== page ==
by Deborah Jeanne Sergeant
Could improving the size and function of tie-stalls help your herd become happier and healthier? In a recent webinar hosted by Dairy Cattle Welfare Council, Elsa Vasseur explored the topic, sharing her organization’s research. She is an associate professor at McGill University in the Department of Animal Science and has been chair of the NSERC Industrial Research Chair Novalait-Dairy Farmers of Canada-Valacta on Sustainable Life of Dairy Cattle since 2016.
“Of course, when you think about welfare of dairy cows, I don’t know what you picture, but freedom of movement and animals going to pasture is probably at the top of the images that come to my mind,” Vasseur said.
She is not the only one. “It’s part of the quality of life expected by consumers, but restriction of movement is part of the reality for all domesticated animals,” she added.
Most cows spend much of their time in one of three scenarios: tie-stalls, free-stalls or deep-bedded pack. In tie-stalls, the animals rest in stalls, have access to food and water there and milking occurs at the stall. It’s the most restrictive management method. Free-stalls allow animals to leave at will to access food and water and milking occurs in a parlor or by a robotic milker separate from the stalls. This system is less restrictive. The deep-bedded pack management has no stalls. Cows access food and water at the edges of the pack and they are milked in a separate location. This is the least restrictive management method.
Vasseur presented the results of 10 years of cow comfort research focusing on stall management. The research was based upon 240 farms with an average of 40 cows per farm. The research included in-barn measurements, performance data and management questionnaires.
“We looked at lameness and lying time, measured things in the barns to look at the risk factors that relate to welfare,” Vasseur said. She said that in both free-stall and tie-stall systems, housing conditions affected the cows’ welfare.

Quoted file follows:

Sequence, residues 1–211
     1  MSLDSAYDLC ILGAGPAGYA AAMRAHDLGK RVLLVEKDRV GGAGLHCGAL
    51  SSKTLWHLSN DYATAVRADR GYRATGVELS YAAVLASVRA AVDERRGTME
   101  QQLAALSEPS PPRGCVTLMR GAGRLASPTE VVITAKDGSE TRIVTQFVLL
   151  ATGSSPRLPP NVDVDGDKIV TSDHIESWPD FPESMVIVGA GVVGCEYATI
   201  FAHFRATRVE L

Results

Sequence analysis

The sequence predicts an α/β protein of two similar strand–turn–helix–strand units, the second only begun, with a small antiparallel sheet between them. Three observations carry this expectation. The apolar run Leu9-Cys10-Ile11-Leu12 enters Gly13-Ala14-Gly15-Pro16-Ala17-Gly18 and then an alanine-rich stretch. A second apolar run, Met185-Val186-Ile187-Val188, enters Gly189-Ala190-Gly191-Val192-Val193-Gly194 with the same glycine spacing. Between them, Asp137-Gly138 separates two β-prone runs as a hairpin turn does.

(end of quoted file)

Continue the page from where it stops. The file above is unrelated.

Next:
The farm prevalence of hock lesions, knee lesions, neck lesions, dirty flank and dirty udder is higher for tie-stalls than free-stalls and bedded pack systems. Cows in free-stall systems experienced more incidences of dirty leg than either of the other systems.
Modifying tie-stalls proved to affect cow comfort. Tie-stalls moved forward by 35 additional centimeters decreased injuries by 42% and lameness by 24%. Resting time improved but cleanliness decreased by 20%. Increasing the chain length decreased injuries by 10%.
“One of the things with the tie-stall is you can measure the exact results of how the cow is housed,” Vasseur said. “If you move the tie rail where the chain is attached, we have a decrease of injury and lameness.”
The management does appear to affect production. The free-stall average cow experienced 7.4% fewer knee injuries, 11.7% less lameness, 26.9% less dirty flank and 9.9% more time in a stall with dry bedding.
“We knew that improving welfare could work to actually be translated into more performance, but there’s more work to be done,” Vasseur said.
She believes that increasing the movement opportunity in a tie-stall should be by improving the stall design to make movement easier. The study on these facets of cow care began with understanding how the animal was moving in the environment. “Can we improve the stall so the cow can move with ease?” Vasseur asked.